A "birthing tourism" center in Southern California has been shut down, drawing new attention to the phenomenon of affluent Chinese and Taiwanese mothers traveling to the U.S. to give birth.
Discovering an entire house complex devoted to accommodating the mothers is a new development. The two four-bedroom townhouses were shut down for permit violations and unsafe structural changes. It's not illegal to travel to the U.S. for the express purpose of giving birth. The women who do so say they're seeking better educational opportunities for their children in the future. Here's how one company that offers the services works:
For the $14,750 basic fee, Zhou and Chao will arrange for a three-month stay in a center — two months before the birth and a month after. A room with cable TV and a wireless Internet connection, plus three meals, starts at $35 a day. The doctors and staff all speak Chinese. There are shopping and sightseeing trips.
A US Embassy official told The Washington Post on background that it wouldn't be grounds for denying a visa, either. But in an atmosphere of anti-immigrant hysteria and the ugly term "anchor baby," it's easy for discussions to go awry. (Sometimes the xenophobes love the Chinese! And sometimes they just hate all foreigners.) Media Matters has criticized previous coverage of the phenomenon, notably an ABC News story that suggested a "new baby boom":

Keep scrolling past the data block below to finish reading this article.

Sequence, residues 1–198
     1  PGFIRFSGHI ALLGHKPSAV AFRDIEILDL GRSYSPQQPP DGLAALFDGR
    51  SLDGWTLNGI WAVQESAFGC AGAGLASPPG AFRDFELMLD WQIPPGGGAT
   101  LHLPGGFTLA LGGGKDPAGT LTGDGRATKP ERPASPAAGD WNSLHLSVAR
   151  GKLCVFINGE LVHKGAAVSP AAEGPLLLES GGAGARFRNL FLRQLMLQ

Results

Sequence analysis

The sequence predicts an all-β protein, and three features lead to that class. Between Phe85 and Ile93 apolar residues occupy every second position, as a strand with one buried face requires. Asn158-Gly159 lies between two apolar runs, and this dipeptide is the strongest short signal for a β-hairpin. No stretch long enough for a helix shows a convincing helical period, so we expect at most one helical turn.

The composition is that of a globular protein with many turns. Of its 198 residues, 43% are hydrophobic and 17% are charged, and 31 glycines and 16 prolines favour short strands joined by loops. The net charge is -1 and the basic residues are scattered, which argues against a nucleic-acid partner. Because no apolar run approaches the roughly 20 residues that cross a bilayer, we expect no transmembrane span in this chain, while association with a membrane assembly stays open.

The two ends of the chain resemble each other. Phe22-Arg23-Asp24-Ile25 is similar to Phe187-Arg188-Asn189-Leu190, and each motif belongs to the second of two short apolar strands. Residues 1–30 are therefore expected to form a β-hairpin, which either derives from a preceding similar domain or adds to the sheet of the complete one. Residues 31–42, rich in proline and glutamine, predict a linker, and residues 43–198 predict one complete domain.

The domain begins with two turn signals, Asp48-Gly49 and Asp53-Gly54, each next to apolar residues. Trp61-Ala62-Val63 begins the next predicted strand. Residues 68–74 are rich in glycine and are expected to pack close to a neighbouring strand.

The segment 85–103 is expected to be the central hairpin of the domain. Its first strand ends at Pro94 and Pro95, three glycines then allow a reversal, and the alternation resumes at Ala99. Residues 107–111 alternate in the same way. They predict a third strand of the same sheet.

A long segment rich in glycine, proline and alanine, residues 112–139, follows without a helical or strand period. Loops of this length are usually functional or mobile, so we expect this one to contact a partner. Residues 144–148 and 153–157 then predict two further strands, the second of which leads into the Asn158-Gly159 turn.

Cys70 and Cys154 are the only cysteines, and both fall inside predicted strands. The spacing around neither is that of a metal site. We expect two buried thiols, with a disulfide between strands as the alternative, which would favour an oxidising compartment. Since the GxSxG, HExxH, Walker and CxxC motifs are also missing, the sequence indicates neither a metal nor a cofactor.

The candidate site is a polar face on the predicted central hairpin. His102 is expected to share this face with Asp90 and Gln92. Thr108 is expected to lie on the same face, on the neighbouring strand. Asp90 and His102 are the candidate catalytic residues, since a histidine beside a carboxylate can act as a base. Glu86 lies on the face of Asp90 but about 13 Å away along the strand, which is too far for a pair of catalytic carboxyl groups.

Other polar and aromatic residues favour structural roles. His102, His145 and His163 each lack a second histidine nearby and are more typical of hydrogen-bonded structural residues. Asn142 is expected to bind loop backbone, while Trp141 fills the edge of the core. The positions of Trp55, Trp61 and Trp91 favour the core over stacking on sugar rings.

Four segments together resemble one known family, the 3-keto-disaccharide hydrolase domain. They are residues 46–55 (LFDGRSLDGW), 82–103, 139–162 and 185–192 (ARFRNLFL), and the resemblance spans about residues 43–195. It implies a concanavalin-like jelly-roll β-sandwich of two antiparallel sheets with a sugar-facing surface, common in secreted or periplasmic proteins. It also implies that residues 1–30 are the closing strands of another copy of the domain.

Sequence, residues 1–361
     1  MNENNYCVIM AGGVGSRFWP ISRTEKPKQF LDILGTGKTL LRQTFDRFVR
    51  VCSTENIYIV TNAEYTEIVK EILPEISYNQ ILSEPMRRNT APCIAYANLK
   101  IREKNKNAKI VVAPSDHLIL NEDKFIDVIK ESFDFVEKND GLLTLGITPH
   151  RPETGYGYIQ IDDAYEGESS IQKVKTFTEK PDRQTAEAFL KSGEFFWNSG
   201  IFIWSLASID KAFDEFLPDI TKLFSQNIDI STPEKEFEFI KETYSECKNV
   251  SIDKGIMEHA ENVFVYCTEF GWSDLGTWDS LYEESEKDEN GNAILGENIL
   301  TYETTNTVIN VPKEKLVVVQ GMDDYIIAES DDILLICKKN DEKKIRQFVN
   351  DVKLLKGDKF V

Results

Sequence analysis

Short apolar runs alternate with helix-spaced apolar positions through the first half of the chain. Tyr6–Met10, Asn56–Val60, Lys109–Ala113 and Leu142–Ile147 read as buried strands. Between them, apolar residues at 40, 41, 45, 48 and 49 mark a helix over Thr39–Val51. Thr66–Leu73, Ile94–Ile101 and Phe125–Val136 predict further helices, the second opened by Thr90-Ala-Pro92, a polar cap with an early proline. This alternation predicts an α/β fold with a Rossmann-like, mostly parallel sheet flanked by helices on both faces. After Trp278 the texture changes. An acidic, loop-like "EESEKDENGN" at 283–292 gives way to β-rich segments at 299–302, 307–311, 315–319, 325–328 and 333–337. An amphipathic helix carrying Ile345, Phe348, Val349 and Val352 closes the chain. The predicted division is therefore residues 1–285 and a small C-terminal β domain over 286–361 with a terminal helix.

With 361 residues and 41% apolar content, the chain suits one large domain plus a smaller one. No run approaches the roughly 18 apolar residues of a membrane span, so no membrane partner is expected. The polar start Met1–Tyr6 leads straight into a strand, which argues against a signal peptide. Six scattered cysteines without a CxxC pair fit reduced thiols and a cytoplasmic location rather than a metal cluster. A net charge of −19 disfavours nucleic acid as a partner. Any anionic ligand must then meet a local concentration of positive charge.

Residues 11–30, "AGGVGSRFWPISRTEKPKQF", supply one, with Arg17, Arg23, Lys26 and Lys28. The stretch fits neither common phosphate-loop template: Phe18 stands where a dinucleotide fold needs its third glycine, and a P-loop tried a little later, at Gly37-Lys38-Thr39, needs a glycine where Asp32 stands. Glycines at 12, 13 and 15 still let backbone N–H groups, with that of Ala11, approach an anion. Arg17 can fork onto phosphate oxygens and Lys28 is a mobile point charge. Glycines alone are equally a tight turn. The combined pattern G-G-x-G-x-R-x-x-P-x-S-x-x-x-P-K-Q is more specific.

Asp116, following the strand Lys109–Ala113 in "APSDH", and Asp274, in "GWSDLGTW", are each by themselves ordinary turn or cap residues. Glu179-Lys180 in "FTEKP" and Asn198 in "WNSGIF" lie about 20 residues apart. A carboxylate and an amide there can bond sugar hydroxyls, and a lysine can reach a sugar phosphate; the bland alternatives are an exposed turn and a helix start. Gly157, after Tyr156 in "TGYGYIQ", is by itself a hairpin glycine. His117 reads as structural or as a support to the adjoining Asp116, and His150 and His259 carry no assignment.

While the article reported in its third paragraph that "the number of U.S. births to non-resident mothers rose 53 percent between 2000 and 2006," it did not acknowledge until paragraph 14 that "[o]f the 4,273,225 live births in the United States in 2006, the most recent data gathered by the National Center for Health Statistics, 7,670 were children born to mothers who said they do not live here," or 0.17 percent of all live births in 2006.
In other words, Bill O'Reilly should reserve his ire.
'Birthing Tourism' Center In San Gabriel Shut Down [LAT]
Related: For Many Pregnant Chinese, A US Passport Remains A Powerful Lure [Media Matters]
ABC News' "Birth Tourism" Article Filled With Contradictions, Misleading Claims, Dubious Sources [Media Matters]